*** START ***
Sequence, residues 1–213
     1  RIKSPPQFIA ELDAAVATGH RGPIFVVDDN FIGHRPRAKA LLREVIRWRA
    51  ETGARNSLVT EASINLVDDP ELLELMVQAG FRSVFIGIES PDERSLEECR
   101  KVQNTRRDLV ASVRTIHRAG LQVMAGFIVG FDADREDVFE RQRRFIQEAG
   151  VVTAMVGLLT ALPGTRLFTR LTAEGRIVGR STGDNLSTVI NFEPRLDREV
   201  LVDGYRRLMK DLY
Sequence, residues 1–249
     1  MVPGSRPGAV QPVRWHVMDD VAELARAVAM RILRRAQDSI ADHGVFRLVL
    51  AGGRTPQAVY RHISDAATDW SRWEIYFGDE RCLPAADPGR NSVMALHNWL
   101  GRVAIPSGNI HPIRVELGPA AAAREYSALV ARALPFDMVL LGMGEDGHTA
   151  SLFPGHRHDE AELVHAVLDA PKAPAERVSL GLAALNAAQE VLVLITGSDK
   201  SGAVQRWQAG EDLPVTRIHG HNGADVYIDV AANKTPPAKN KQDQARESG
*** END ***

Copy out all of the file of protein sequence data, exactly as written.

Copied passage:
Sequence, residues 1–213
     1  RIKSPPQFIA ELDAAVATGH RGPIFVVDDN FIGHRPRAKA LLREVIRWRA
    51  ETGARNSLVT EASINLVDDP ELLELMVQAG FRSVFIGIES PDERSLEECR
   101  KVQNTRRDLV ASVRTIHRAG LQVMAGFIVG FDADREDVFE RQRRFIQEAG
   151  VVTAMVGLLT ALPGTRLFTR LTAEGRIVGR STGDNLSTVI NFEPRLDREV
   201  LVDGYRRLMK DLY
Sequence, residues 1–249
     1  MVPGSRPGAV QPVRWHVMDD VAELARAVAM RILRRAQDSI ADHGVFRLVL
    51  AGGRTPQAVY RHISDAATDW SRWEIYFGDE RCLPAADPGR NSVMALHNWL
   101  GRVAIPSGNI HPIRVELGPA AAAREYSALV ARALPFDMVL LGMGEDGHTA
   151  SLFPGHRHDE AELVHAVLDA PKAPAERVSL GLAALNAAQE VLVLITGSDK
   201  SGAVQRWQAG EDLPVTRIHG HNGADVYIDV AANKTPPAKN KQDQARESG